ABC World News (9/11, story 4, 2:35, Sawyer) reported, “The American Heart Association has long said that eating oily fish is good for your heart, so millions of people take fish oil supplements hoping for the benefit and, in fact, doctors often recommend the supplements for people who already have heart disease. But a big new study out tonight says those pills are not doing what they thought.”
On NBC Nightly News (9/11, story 7, 2:15, Williams), chief science correspondent Robert Bazell said, “The research out today combined 20 previous studies involving more than 68,000 patients since 1989.
USA Today (9/12, Weise) reports the researchers “found no statistically significant association between all deaths, cardiac-related deaths, sudden deaths, heart attacks and strokes among people taking the supplements.”
MedPage Today (9/12, Neale) reports that the study authors wrote that the results “do not justify the use of omega-3 as a structured intervention in everyday clinical practice or guidelines supporting dietary omega-3 polyunsaturated fatty acid administration.”
“There’s never been any compelling evidence of a clinical benefit,” said Dr. Steven Nissen, professor of medicine at the Cleveland Clinic Lerner School of Medicine.
“I still say it’s very important for my patients to have a plant-based diet with omega-3 rich fatty fish as part of a heart-healthy Mediterranean-like dietary strategy which holds benefits probably above and beyond individual omega-3 pill supplements.,” said Long Island Jewish Hospital’s David Friedman MD
Blogfinger Medical Commentary: By Paul Goldfinger, MD, FACC
A word on terminology: the substances in question are supplements containing omega-3 polyunsaturated fatty acids (PUFAs). This research did not look at dietary sources of PUFAs, which can be found especially in fatty fish (mackerel, sardines, lake trout, albacore tuna and salmon) as well as in walnuts, cashews, and flax seed.
What the summary above did not stress was that small benefits were found in this trial for the supplements, including 9% reduced cardiac death, 11% reduced heart attacks and 13% reduced sudden cardiac death. So, even though those authors did not find significant benefit in their end points, fish oil capsules are usually safe and can offer some potential small cardiovascular advantages as well as lowered triglycerides and perhaps some unproven benefits for other medical problems such as high blood pressure, blood clotting and arrhythmias. These real and potential benefits are no small achievement for a nutritional supplement as compared to actual pharmaceutical drugs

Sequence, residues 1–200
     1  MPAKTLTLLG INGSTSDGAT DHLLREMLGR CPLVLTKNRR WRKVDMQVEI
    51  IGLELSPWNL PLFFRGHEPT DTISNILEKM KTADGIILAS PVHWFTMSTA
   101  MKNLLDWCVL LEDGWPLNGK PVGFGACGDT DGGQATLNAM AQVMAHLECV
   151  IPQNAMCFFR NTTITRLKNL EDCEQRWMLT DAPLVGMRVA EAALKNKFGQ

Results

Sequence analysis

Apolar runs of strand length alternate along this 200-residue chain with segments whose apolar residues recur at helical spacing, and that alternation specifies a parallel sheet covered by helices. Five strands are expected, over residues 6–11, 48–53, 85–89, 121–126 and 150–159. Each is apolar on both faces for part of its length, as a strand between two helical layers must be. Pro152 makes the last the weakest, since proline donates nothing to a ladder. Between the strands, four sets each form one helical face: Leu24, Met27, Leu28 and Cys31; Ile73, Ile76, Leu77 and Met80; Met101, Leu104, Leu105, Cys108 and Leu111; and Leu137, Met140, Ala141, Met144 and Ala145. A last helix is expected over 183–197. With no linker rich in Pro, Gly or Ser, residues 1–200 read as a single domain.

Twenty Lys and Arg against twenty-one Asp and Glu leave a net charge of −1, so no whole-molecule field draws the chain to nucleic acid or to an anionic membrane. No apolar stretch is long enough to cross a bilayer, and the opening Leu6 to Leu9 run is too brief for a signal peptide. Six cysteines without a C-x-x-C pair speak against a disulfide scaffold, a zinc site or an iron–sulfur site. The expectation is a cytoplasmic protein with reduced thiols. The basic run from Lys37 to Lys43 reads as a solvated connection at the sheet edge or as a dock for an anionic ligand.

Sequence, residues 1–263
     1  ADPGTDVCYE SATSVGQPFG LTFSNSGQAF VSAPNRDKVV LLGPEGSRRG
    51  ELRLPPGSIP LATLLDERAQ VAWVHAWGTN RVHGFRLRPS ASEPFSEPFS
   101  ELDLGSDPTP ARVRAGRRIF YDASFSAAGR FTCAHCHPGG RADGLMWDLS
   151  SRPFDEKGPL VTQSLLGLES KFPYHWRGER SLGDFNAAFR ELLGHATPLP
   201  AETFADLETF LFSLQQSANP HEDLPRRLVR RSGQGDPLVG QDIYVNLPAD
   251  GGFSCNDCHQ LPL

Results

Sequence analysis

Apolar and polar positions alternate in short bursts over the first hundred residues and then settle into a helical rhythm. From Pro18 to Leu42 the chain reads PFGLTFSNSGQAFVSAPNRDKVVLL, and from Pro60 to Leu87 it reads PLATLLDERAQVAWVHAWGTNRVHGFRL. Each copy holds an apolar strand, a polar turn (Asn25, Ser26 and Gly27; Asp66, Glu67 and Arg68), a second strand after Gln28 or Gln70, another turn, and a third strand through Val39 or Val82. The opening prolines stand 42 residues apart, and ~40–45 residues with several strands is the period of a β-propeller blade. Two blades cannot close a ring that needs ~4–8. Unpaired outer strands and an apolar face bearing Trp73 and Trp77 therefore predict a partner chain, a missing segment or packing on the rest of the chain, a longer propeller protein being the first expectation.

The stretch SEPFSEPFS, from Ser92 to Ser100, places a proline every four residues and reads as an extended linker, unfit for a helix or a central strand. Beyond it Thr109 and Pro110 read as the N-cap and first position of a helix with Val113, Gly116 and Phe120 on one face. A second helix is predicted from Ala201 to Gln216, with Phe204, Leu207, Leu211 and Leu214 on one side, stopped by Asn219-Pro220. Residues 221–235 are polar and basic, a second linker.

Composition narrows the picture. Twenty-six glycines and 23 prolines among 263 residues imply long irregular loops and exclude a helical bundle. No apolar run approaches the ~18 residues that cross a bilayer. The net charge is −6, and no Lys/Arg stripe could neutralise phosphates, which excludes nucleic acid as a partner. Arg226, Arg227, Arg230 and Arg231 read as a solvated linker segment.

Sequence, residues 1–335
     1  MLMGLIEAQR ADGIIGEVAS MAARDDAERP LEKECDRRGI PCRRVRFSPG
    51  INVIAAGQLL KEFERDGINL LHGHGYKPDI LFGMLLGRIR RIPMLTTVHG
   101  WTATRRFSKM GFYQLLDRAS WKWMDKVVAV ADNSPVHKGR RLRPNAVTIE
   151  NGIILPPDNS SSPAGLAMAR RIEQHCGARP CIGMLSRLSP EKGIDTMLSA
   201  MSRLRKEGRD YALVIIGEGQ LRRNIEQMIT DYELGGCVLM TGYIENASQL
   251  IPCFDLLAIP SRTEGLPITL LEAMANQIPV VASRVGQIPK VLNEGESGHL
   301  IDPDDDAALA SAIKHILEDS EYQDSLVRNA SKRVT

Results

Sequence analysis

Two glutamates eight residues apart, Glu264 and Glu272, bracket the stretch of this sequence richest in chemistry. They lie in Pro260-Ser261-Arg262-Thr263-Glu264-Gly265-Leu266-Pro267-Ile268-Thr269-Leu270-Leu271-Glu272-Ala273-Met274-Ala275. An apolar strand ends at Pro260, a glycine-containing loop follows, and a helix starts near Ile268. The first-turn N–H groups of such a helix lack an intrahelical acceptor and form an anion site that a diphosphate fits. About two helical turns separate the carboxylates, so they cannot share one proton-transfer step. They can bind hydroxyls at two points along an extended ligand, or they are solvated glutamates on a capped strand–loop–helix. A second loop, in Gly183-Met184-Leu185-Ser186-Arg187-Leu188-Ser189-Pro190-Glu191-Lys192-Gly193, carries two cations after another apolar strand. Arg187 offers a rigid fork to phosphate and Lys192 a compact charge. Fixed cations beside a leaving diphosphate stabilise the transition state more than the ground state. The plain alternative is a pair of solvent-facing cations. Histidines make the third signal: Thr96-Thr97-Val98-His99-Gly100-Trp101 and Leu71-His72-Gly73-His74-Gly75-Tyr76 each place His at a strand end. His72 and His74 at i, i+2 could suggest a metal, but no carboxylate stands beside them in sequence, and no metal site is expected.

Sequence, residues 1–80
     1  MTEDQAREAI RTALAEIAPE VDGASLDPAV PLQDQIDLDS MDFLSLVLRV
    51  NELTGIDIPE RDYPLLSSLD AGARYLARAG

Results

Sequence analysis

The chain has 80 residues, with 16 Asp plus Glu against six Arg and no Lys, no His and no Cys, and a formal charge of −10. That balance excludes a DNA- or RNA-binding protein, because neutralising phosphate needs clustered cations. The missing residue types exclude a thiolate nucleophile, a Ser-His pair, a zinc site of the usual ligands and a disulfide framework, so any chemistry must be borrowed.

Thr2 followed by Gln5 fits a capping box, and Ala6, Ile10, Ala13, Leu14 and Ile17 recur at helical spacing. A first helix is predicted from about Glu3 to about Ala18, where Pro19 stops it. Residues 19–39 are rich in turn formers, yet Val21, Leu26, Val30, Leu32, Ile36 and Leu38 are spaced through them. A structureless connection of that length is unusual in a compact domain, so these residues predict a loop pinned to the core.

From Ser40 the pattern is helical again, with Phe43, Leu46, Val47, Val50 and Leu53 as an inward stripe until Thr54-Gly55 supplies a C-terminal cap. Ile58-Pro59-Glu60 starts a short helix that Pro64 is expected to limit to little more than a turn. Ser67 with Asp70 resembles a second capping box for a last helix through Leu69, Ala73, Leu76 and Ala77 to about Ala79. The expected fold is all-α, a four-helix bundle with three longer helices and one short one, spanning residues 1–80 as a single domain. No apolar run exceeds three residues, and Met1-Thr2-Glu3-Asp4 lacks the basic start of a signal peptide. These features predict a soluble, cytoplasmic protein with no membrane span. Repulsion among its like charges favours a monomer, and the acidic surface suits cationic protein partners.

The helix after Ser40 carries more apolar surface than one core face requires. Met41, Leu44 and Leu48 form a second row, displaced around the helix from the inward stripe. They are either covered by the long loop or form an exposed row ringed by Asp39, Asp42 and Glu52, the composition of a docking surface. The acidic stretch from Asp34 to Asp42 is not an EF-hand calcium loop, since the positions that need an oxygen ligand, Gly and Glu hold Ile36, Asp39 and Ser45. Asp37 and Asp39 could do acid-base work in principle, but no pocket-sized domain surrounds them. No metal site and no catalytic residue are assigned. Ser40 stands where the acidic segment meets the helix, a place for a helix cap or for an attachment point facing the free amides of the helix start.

This is what we said about fish oil supplements in our 2011 book, “Prevention Does Work: A Guide to a Healthy Heart”:
“Fish oil supplements: Capsules containing fish oils may offer the benefits of omega-3 fatty acids, but most of the evidence of benefit was obtained from studying people who ate fish frequently. Taking fish oil capsules may reduce the risk of heart attacks and other complications, but the evidence is still incomplete. One cannot assume that fish oil capsules will confer the same protection as eating fish. On the other hand, the Italian GISSI Trial found a moderate reduction in cardiac risk with fish oil supplements.”
Note that $1.1 billion is spent each year in the US on fish oil capsules.
My advice is to try to get the benefits of fish oil by eating fish. The American Heart Association recommends eating fish at least twice per week. There have been two large diet trials with over 1,000 patients, and these trials showed a benefit from eating fish.